While not as common today, many PDFs still exist that are just scanned images of text, not actual text.  These documents are inaccessible from the start.  If you scan documents to make PDFs, or want to work on the quality of your documents, you should educate yourself on the benefits of OCR (optical character recognition) software. In Disability Access Services, we use ABBYY Fine Reader, but many different versions of OCR software exist – some might even be bundled with your scanner.

Here are a few really good resources about accessible PDF creation:
WebAIM PDF Accessibility
Adobe Accessibility

I really like the “Creating Accessible PDF Files from Word” document on the following page, as many of us convert to PDF from Word:
Adobe Accessibility Best Practices

Some of the basics to consider are:

  • Does the document use proper tagging and structure in the PDF format
  • If color is used, does it have proper contrast
  • If color is used, make sure the important content isn’t reliant on color (i.e. “important information is in red”)
  • Do images have proper Alt Text (you can check this using the “Touch Up Object Tool” in Acrobat Pro 9 or 10)
  • Do links within the document make sense out of context – are they descriptive
  • Are fonts at least readable for most people upon opening the document – are they 12pt or greater
  • Does the document have proper layout and reading order (check using the “Touch Up Reading Order Tool” in Acrobat Pro 9 or 10)
  • If the document is long, is there built in navigation (like a table of contents), is the structure tagged using headings to assist in this navigation
  • If there are forms in the document, are they coded properly
  • Are tables created in the most linear fashion possible – are tables coded properly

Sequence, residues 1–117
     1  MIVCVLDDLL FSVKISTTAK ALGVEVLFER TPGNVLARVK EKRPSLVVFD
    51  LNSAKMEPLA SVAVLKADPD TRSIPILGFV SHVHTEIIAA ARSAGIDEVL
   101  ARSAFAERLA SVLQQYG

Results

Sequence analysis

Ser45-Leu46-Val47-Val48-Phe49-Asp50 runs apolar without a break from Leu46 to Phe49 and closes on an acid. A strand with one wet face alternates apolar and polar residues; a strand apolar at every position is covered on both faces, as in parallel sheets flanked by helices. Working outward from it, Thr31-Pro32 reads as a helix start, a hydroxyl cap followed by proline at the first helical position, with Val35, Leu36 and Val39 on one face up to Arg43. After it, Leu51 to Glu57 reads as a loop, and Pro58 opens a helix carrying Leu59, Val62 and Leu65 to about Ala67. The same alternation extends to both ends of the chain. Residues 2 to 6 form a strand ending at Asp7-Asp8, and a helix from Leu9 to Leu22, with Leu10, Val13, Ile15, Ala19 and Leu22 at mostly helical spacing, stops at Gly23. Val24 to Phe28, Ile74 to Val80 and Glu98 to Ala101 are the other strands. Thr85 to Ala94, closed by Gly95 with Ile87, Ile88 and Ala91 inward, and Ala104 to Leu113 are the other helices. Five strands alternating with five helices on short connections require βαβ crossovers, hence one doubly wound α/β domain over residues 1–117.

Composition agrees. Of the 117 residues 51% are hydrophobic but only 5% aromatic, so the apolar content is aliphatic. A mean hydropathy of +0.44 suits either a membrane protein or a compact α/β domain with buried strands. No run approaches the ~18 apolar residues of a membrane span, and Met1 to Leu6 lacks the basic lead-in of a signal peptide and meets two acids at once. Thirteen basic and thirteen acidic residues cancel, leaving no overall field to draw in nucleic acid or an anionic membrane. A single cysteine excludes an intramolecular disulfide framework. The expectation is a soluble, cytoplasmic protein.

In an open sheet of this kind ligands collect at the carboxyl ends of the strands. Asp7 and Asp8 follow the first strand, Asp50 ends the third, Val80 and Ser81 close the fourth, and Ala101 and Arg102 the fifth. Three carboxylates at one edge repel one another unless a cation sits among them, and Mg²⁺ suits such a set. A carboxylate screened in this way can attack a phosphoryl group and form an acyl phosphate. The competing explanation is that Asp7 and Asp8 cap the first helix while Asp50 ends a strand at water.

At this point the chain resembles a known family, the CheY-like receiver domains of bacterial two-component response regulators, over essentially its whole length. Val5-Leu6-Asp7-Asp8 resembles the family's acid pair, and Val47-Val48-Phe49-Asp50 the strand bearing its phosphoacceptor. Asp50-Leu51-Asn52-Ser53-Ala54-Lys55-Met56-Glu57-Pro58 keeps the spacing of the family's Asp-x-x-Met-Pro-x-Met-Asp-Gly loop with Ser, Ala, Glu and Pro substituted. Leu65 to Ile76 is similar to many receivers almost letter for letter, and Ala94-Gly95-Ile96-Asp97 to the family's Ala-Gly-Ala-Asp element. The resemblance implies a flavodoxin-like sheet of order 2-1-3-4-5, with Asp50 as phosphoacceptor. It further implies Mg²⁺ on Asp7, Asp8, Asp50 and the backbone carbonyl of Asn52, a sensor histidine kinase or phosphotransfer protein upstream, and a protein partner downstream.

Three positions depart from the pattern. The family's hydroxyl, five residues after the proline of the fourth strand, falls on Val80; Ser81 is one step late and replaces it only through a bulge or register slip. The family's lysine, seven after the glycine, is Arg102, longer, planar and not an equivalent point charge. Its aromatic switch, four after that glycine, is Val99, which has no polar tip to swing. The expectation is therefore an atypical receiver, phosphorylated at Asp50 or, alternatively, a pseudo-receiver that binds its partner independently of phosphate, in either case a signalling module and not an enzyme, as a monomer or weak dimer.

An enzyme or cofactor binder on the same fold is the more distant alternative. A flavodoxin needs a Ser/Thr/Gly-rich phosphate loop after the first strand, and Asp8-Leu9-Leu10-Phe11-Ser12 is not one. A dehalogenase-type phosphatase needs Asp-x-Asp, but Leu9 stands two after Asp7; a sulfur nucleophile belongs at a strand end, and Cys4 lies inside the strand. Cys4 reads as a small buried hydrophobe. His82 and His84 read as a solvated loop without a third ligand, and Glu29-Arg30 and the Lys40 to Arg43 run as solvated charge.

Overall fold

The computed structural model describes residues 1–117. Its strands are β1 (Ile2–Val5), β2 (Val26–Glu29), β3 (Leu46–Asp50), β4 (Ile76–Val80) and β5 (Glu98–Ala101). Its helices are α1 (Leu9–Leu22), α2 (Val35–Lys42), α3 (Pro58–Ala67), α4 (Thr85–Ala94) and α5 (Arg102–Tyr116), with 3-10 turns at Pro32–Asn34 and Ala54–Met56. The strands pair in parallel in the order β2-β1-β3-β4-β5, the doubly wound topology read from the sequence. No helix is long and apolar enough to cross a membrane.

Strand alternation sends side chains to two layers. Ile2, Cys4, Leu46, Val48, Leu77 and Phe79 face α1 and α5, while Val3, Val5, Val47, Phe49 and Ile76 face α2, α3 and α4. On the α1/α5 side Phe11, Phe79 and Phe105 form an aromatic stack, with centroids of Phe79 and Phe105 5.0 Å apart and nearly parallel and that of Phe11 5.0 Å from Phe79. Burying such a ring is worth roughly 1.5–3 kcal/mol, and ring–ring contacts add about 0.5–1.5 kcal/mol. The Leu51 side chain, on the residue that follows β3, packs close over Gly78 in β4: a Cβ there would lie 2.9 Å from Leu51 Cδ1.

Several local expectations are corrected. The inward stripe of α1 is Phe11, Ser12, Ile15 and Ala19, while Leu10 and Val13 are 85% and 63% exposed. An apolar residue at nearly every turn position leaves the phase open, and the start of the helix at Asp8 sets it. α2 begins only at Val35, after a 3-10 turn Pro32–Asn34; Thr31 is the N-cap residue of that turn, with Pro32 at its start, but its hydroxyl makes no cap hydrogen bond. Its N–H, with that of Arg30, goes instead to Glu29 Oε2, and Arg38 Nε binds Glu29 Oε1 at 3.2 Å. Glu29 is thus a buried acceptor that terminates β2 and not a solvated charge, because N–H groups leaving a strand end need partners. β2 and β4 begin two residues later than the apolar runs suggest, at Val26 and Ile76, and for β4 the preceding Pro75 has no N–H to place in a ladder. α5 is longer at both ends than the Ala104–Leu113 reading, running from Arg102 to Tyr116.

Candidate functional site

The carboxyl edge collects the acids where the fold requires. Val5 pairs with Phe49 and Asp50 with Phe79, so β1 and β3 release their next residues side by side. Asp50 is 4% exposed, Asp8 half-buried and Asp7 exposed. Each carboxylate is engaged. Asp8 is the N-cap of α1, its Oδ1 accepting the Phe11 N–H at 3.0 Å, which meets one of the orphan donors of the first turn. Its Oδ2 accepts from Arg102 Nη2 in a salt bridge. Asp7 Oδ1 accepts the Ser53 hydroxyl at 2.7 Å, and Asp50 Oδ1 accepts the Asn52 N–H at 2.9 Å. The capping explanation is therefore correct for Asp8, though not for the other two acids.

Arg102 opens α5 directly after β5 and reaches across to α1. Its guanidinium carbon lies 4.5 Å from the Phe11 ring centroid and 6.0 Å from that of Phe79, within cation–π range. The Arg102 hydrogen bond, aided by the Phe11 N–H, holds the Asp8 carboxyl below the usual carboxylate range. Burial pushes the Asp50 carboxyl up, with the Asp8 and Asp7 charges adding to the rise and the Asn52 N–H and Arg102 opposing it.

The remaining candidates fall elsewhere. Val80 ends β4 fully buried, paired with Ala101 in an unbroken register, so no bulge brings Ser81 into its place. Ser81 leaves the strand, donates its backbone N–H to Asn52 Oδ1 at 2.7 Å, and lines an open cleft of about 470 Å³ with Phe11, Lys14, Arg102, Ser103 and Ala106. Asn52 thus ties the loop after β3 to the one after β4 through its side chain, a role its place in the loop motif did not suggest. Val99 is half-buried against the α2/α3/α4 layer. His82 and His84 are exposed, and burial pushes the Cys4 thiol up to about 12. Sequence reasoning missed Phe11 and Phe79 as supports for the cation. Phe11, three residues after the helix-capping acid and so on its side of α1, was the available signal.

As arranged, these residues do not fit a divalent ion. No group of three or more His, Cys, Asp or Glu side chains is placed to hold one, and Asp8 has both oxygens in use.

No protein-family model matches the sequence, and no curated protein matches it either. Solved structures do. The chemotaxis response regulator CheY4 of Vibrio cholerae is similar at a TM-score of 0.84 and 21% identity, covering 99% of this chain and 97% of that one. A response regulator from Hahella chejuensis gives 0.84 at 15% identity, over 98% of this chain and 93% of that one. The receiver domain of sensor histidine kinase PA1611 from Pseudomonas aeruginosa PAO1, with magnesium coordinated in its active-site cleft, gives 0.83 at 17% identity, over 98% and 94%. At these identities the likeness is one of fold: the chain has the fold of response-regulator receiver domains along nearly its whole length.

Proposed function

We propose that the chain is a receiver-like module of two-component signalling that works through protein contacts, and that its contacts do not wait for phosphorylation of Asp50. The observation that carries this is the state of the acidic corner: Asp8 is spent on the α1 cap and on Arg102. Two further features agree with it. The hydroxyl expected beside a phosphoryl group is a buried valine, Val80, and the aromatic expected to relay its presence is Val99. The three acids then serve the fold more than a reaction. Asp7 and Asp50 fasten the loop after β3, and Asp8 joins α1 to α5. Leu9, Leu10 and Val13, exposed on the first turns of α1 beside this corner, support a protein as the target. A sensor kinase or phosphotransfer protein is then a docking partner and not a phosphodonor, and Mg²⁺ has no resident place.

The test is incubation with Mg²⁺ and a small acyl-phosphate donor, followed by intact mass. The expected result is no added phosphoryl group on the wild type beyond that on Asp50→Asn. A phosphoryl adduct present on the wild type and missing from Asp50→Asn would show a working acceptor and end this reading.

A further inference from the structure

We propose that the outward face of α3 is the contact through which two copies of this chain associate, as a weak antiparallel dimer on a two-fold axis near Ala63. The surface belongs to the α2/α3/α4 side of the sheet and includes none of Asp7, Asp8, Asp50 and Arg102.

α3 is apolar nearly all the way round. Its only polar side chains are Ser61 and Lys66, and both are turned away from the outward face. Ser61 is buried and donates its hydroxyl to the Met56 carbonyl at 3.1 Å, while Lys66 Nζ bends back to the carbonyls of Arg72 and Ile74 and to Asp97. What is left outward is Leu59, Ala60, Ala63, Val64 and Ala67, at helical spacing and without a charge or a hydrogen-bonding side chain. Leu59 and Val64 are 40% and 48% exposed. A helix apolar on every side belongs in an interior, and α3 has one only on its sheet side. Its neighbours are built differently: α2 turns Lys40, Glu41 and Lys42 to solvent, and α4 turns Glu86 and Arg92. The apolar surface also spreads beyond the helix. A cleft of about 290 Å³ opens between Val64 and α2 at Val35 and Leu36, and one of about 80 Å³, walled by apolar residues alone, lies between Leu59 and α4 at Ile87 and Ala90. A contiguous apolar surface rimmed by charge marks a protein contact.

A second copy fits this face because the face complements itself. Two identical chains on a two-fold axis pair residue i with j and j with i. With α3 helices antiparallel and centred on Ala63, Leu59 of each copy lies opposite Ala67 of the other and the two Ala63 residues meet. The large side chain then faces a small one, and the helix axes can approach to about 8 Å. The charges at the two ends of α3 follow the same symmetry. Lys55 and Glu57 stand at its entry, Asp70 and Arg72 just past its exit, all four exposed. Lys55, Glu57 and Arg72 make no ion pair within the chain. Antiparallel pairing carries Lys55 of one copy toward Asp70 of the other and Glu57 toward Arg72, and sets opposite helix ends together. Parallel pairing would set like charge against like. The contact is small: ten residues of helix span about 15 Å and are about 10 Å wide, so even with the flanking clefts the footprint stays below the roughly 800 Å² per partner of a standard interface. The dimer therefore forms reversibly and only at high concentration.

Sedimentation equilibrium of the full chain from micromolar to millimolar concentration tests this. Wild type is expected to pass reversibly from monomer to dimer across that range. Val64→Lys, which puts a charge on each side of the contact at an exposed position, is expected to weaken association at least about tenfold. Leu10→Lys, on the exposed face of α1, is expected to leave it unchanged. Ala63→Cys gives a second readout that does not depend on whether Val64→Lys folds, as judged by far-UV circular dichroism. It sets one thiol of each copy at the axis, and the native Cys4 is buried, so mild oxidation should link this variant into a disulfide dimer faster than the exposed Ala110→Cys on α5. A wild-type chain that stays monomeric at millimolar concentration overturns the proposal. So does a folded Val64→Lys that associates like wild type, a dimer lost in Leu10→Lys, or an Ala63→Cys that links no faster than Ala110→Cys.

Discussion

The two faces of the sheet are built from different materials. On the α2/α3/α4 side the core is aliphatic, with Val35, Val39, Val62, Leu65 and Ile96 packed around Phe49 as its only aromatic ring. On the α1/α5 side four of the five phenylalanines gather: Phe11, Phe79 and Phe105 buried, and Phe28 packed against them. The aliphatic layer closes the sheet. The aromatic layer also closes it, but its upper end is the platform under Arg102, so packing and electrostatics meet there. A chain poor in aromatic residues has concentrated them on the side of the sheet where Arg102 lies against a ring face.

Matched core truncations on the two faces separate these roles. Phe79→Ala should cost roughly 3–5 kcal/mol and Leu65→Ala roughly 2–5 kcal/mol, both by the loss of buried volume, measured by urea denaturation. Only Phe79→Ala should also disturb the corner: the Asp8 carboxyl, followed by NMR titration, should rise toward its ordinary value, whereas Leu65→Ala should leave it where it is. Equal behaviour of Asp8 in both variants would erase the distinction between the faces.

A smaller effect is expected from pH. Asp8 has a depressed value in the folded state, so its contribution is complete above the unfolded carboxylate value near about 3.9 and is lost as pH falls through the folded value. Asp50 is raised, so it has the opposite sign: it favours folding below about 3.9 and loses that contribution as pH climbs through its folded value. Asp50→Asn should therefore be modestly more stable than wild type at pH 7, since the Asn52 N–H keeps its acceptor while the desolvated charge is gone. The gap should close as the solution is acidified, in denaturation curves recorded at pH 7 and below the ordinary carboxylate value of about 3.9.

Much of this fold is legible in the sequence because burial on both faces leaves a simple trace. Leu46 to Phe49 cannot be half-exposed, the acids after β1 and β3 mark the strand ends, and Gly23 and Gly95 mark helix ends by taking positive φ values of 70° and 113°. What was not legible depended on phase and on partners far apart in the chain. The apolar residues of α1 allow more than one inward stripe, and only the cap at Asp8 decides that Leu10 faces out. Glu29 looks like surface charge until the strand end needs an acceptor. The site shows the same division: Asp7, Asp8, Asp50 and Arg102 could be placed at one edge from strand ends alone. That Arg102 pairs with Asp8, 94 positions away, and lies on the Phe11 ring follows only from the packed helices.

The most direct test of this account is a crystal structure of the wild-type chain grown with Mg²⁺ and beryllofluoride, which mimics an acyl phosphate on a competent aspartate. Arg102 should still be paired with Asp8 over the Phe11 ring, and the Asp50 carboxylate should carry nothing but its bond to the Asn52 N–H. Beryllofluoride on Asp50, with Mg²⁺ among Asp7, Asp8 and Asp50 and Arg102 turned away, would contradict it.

• Is the language of the document set (so the screen reader software knows what language to speak)

Note that this is a fairly through, but not complete list.  Human evaluation is always the most important tool you have. You’ll need to education yourself and evaluate the document to determine if it is accessible. While Acrobat Pro now has a built in accessibility checker, and it helps quite a lot, no software exists that can replace a person actually checking a document and all of the intricacies we build into them.

If you don’t have Acrobat Pro 9 (or X) you’ll need it at a minimum to do a lot of the fixes I’ve listed above once the document is in PDF.  You can, and should, do this work in your original document if you own it, as it’s always better to build in accessibility from the beginning.

While most of you don’t have access to the most common screen reader software on the market, Adobe actually has built in screen reader software into Adobe Reader and Acrobat Pro!  One of the best things you can do to make sure your PDF document is accessible is to listen to it.  Activate this feature by going to View > Read Out Loud > Activate Read Out Loud.  Then use the controls and listen away.

To learn more, watch a webinar on accessible communication through IT that I gave recently, with an emphasis on document creation.